Brenda Spriggs, MD, MPH, MBA
Primary liver cancer from liver cell mutations is rare in the United States, according to the A.P. Johan Institute for Cancer Research. It is categorized based on the liver cells impacted, with the most prominent form starting in the hepatocytes, your main liver cells. The liver is also susceptible to cancer metastasized from other organs, but the cancer is generally named for the originating organ. Healthy diet plays a role in protecting the diseased liver from further damage, as well as keeping you nourished during cancer treatment.
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Your liver acts as a nutrient filter to process waste products from food during digestion. Liver cancer can inhibit your liver from properly detoxifying foods, especially fatty forms of protein. To prevent waste buildup, choose lean forms of protein and limit your daily intake to give your liver time to metabolize the nutrient properly. Lean proteins include poultry, fish, beans, nuts and seeds. Dairy also supplies protein in your diet but opt for low or non-fat versions. Bake, broil, roast or grill meat proteins instead of frying. Avoid fatty red meats and processed meats like bacon or hot dogs.
Grains like bread, pasta, rice or cereal are carbohydrates important for providing your body with glucose, an important source of energy for your cells. Depending on your stage of liver cancer and treatment process, you may need to alternate your consumption of whole grains versus white grains. Whole grains like wheat bread, bran cereal or brown rice are rich in fiber for digestion regulation and vitamins and minerals to protect your organs.
Fruits and Vegetables
Include several daily servings of fruits and vegetables as the foundation of your liver cancer diet. Fighting cancer cells depletes the body of essential vitamins and minerals. Fresh produce is power-packed with a variety of nutrients to replenish your system. Before, during and after cancer treatment consume an array of green vegetables like broccoli, spinach or Brussels sprouts, as well as plenty of carrots, sweet potatoes and squash. Choose colorful fruits like cantaloupe, citrus, apples or berries as snacks in between meals or side dishes.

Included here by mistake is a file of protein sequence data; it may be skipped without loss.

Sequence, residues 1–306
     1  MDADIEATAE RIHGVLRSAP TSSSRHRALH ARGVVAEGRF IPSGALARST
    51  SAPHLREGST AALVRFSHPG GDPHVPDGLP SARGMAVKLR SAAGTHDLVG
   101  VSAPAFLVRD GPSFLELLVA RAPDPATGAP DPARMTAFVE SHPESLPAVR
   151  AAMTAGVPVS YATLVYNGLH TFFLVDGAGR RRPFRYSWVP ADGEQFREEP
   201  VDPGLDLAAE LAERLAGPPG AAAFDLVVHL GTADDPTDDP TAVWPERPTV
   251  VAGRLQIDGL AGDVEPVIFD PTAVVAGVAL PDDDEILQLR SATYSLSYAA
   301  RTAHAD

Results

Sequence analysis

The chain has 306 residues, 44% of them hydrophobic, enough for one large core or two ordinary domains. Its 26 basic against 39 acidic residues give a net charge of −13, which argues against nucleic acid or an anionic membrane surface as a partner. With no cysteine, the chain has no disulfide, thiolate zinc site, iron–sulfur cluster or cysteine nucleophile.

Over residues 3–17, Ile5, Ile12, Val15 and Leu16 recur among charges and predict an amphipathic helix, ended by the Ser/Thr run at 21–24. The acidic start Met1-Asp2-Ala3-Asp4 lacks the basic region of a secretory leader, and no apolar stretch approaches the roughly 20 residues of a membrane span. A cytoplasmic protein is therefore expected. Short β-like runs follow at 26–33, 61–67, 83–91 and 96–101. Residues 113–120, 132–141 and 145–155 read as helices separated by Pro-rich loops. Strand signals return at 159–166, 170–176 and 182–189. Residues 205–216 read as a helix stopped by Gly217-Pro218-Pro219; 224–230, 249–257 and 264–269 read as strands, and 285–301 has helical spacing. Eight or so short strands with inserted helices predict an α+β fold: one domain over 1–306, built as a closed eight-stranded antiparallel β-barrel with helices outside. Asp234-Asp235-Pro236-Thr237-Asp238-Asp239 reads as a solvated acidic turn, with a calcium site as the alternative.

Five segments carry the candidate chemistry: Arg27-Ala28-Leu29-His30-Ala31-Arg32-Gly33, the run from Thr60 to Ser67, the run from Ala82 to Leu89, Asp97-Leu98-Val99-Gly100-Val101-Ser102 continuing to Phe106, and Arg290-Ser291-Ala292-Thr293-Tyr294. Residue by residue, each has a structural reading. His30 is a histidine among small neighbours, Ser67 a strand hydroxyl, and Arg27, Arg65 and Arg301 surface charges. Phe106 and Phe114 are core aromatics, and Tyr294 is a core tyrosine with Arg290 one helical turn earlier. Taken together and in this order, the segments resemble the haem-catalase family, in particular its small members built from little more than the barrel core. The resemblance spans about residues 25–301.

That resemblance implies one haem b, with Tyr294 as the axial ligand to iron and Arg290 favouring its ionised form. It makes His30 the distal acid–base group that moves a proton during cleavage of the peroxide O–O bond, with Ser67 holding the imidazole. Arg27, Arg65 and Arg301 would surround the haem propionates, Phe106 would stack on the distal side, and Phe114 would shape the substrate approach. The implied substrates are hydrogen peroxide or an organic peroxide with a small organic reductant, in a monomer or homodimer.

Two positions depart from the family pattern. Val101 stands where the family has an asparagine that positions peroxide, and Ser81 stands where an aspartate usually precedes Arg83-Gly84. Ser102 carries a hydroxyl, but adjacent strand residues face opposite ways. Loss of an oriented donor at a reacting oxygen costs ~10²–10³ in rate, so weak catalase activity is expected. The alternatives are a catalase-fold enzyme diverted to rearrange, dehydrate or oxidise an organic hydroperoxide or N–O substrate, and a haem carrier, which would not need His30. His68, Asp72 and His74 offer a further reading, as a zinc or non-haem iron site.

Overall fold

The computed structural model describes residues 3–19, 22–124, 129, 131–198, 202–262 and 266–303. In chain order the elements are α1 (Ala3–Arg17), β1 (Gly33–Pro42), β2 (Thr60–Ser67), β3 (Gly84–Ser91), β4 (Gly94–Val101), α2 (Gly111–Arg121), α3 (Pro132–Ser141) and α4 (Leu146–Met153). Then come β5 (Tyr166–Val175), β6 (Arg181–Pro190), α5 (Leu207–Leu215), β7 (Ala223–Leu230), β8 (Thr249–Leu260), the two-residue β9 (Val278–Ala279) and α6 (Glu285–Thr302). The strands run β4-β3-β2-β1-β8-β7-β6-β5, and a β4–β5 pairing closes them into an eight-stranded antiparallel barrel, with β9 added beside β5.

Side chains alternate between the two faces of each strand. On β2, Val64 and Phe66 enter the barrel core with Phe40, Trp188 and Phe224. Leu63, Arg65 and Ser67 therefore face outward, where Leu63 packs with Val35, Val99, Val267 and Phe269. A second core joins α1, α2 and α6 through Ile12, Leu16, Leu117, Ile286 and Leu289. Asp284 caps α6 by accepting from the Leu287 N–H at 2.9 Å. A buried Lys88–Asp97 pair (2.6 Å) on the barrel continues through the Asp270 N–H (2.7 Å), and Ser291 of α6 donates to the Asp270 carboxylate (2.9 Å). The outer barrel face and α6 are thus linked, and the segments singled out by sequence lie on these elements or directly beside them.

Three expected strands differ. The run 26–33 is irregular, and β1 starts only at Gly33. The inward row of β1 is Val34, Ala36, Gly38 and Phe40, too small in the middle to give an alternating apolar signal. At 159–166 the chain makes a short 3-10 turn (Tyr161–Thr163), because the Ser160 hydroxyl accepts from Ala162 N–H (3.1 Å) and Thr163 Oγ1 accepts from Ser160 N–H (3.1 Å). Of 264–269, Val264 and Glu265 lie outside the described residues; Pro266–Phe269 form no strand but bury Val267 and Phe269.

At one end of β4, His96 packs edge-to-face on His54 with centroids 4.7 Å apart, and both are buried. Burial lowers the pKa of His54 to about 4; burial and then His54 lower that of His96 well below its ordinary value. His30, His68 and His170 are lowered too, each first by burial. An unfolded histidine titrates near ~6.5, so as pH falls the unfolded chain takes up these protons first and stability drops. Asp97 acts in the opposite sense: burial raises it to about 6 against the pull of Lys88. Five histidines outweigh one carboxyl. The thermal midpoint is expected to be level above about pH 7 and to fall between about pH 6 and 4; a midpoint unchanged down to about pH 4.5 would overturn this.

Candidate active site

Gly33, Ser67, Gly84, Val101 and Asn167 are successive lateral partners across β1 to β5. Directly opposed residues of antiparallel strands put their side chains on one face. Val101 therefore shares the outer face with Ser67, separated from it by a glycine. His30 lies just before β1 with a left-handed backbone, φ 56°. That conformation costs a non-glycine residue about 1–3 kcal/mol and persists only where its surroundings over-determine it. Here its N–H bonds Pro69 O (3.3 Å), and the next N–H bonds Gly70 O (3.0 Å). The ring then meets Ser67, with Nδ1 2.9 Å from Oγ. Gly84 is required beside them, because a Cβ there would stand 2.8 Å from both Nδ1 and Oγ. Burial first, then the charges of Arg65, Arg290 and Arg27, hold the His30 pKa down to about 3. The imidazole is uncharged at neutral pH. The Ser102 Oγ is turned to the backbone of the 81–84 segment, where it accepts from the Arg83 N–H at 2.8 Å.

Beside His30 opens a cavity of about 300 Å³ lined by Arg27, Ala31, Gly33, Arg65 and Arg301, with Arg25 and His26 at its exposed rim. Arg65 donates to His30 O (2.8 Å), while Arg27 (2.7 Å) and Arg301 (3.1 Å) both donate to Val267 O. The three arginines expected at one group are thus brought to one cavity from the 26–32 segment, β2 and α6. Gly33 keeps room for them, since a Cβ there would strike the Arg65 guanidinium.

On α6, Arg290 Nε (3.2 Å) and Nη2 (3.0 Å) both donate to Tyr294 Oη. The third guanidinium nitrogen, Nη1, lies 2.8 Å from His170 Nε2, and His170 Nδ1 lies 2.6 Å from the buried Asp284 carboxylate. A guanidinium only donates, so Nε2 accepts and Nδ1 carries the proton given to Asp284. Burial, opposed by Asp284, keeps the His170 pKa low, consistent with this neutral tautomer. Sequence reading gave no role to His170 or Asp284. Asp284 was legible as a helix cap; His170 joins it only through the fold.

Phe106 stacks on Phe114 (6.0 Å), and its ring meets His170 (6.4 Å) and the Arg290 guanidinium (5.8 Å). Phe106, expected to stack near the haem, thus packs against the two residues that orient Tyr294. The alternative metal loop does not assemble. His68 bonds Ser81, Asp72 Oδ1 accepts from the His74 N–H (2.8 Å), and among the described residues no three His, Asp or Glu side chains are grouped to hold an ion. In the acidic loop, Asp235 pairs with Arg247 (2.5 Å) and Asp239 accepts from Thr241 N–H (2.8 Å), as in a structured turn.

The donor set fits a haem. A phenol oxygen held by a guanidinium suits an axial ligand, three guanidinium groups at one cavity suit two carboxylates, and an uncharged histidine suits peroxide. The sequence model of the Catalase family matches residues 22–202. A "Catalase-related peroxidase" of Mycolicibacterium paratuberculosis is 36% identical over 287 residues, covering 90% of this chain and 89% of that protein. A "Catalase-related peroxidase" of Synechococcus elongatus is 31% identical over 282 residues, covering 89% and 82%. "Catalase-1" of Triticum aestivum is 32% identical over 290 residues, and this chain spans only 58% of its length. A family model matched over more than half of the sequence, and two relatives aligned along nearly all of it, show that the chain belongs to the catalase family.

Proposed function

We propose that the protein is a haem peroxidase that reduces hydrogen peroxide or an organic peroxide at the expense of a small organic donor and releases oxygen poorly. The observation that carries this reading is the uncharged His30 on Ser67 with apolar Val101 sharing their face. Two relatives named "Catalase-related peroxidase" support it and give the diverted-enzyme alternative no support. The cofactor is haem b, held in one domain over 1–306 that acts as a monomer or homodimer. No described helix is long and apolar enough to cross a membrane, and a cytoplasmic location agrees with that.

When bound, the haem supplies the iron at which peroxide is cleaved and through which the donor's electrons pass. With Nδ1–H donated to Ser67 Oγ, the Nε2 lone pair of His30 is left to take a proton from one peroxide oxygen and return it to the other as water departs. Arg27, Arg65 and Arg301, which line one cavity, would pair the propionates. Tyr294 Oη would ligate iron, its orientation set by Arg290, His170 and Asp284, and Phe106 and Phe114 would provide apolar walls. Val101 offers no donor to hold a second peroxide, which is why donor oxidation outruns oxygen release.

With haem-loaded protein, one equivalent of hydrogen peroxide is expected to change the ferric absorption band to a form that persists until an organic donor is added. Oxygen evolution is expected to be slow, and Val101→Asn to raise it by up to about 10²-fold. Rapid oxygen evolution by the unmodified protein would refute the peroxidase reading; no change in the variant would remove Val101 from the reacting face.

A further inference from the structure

Foods to Avoid
Alcohol use is linked to several cancers including liver cancer, according to the American Cancer Society. Alcohol causes inflammation of your liver. The type of alcoholic beverage doesn't matter; all alcohol is perceived as a toxin to your liver. Too much sodium or table salt in your diet can promote swelling and fluid buildup. Consult your physician for dietary sodium limitations as part of your liver cancer diet. Avoid consumption of improperly stored foods including grains and nuts, which may contain a poisonous fungus called aflatoxin that harms the liver.
REFERENCES & RESOURCES
- American Cancer Society; Liver Cancer Overview; April 18, 2011
- Memorial Sloan-Kettering Cancer Center; Eating Well During and After Cancer Treatment; Diana Glauner, RD, CDN et al.; 2001
- Virginia Tech; The Diet and Cancer Connection; Kathleen M. Stadler; May 1, 2009
- MedlinePlus; Diet Liver Disease; April 23, 2009
- American Cancer Society: Types of Cancer Linked to Alcohol Use; Feb. 5, 2010
- American Liver Foundation: Liver Cancer
- A.P. Johan Institute for Cancer Research: Liver Cancer
- National Cancer Institute: Eating Hints